Earlier this year, a putative class action under the Telephone Consumer Protection Act (“TCPA”) was dismissed by a New York federal court on the grounds that state courts “unequivocally” have exclusive jurisdiction over TCPA private actions. The court held that New York State law, specifically § 901(b) of the New York Civil Practice Law and Rules (“CPLR”), bars TCPA class actions from proceeding in federal court. Among other prohibitions, CPLR § 901(b) prevents class certification for actions seeking to recover a penalty. Federal courts in New York generally have relied on this section of the CPLR to dismiss TCPA actions.
Last year, however, in Mims v. Arrow Financial Services, the United States Supreme Court held that the TCPA does, in fact, establish federal question jurisdiction, meaning that federal courts have jurisdiction to hear TCPA cases. Therefore, when the Second Circuit decision in Giovanniello v. ALM Media came before it that completely disregarded the Mims holding (and had dismissed a putative TCPA class action pursuant to state law), the Supreme Court vacated the decision and sent it back to the Second Circuit for a new decision in line with Mims.
The Giovanniello TCPA Actions
Plaintiff filed four separate putative class actions under the TCPA against defendant ALM Media commencing in April 2004. The actions stemmed from an unsolicited fax advertisement that was sent to Plaintiff in January 2004. The first two actions were filed in Connecticut state court and were voluntarily dismissed by Plaintiff. The third action was filed in New York federal court and was dismissed in August 2007 in reliance on state law (CPLR§ 901(b)).
In September 2009, Plaintiff filed his fourth action in Connecticut federal court. The court held that Plaintiff’s case was untimely and dismissed it. On appeal, the Second Circuit agreed and held that Connecticut state law (with a two year statute of limitations) applied, as opposed to the longer four year federal limitations period.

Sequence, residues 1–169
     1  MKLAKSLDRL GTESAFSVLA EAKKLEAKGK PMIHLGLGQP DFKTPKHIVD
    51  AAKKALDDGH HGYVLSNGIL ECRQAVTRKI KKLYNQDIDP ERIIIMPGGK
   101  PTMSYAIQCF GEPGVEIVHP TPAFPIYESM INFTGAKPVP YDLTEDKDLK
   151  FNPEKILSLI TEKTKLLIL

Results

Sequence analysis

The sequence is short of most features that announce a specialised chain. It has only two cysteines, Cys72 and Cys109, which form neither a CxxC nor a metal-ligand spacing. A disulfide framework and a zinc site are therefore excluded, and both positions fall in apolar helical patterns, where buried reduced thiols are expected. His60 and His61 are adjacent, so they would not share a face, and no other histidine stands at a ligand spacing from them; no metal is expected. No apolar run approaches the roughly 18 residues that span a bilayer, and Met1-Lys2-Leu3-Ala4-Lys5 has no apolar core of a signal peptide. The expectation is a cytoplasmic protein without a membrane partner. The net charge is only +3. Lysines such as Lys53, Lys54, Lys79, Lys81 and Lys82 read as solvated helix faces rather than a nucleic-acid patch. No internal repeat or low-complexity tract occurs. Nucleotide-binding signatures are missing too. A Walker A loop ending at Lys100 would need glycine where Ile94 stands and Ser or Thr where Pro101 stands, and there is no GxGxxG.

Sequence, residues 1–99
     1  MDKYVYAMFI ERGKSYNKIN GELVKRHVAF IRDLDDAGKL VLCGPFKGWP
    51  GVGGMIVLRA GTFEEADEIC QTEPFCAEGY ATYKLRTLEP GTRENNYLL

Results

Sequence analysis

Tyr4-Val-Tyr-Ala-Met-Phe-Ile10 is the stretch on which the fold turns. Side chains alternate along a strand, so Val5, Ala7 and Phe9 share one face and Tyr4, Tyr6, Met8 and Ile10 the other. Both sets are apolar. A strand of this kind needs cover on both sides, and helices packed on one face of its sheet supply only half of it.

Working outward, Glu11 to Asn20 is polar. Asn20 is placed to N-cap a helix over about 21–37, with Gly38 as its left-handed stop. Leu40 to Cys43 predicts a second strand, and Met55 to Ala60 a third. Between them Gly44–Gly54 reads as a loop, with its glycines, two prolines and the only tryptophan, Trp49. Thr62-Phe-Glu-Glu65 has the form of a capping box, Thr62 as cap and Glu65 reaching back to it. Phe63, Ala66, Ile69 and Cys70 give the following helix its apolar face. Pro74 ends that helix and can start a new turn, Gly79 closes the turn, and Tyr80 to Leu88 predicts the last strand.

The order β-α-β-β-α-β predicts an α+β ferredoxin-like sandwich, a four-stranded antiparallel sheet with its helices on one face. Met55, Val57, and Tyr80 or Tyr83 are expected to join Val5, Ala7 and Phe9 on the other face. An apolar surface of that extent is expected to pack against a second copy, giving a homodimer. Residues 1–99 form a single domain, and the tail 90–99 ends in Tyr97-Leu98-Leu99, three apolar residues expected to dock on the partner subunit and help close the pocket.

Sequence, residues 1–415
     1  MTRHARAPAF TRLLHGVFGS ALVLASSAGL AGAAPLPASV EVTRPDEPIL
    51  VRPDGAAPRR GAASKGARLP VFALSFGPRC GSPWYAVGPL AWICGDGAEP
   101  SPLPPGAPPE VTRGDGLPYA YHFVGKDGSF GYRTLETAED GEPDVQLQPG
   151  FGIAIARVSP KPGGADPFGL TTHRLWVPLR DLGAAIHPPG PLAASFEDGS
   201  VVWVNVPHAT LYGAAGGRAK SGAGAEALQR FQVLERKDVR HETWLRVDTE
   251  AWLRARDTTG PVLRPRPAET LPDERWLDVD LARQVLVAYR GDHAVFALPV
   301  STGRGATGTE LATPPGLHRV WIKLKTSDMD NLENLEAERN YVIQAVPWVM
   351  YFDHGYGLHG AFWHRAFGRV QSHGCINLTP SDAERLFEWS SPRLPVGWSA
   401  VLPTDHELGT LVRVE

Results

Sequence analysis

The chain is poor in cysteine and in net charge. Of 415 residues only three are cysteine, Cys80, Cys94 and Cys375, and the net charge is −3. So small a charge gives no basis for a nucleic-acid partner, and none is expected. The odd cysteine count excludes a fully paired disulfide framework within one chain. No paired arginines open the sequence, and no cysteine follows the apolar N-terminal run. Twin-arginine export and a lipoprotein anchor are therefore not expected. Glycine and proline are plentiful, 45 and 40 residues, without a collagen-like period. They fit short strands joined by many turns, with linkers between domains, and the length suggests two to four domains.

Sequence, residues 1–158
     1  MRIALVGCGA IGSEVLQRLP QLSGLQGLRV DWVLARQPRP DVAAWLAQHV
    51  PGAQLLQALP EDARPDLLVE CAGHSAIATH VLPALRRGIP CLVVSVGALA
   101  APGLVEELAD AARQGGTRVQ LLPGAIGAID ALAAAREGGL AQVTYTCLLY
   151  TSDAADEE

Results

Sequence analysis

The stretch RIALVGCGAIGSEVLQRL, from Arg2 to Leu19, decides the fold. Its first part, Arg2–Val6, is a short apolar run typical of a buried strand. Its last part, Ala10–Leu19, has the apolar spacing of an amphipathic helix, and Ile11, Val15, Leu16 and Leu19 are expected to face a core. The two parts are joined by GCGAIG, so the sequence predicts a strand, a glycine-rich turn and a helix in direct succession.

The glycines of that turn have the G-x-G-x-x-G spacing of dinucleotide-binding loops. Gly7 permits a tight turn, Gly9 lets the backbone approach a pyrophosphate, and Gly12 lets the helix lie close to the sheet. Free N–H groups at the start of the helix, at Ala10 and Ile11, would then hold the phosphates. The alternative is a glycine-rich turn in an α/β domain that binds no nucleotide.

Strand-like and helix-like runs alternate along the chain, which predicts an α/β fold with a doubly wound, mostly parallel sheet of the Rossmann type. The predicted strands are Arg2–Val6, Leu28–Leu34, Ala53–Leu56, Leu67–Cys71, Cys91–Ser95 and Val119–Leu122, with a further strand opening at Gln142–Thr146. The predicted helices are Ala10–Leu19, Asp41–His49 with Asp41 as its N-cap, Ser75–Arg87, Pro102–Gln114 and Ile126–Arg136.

The Supreme Court then vacated the Second Circuit’s decision in light of Mims. When the case returned to the Second Circuit for a new decision, the Second Circuit stated that Mims “casts doubt” on controlling precedent that the TCPA’s language requires federal courts to apply state law when adjudicating TCPA claims. Thus, federal courts hearing TCPA cases should apply federal, not state, law.
What that means for the Giovanniello Plaintiff is that he had a short-lived “win.” The state statute of limitations (which is shorter than the federal statute) did not apply to time bar his action. However, he nevertheless lost in the end. Plaintiff argued that although he filed this action five years after he received the first fax message (which would ordinarily be too late under the federal statute of limitations), the statute of limitations was “tolled” (or frozen) during the pendency of his other actions. The court held that while tolling did apply, it no longer applied when the New York federal court denied class status to his action and dismissed his case in 2007. Therefore, the statute of limitations began to run again and, based upon the court’s calculations, the action was still filed too late (and was, therefore, dismissed again).
- Arguably, Plaintiff’s New York action would have been vacated on the same grounds that the U.S. Supreme Court vacated the Second Circuit’s decision – failure to follow Mims and permit the TCPA action to be heard in federal court. However, Plaintiff failed to prosecute his appeal of the New York decision to his – and his fellow class members’ – peril.
- Defenses that often were successful to TCPA defendants in the past in federal court, such as the state statute of limitations defense, will likely no longer provide an “easy way out” of class actions. Thus, in light of Mims and Giovanniello, the often more favorable (to defendants) state law arguably will no longer be considered in TCPA federal court actions.
If you are interested in learning more about this topic or the TCPA in general, please e-mail us at email@example.com, or call us at (212) 246-0900.
The material contained herein is provided for informational purposes only and is not legal advice, nor is it a substitute for obtaining legal advice from an attorney. Each situation is unique, and you should not act or rely on any information contained herein without seeking the advice of an experienced attorney.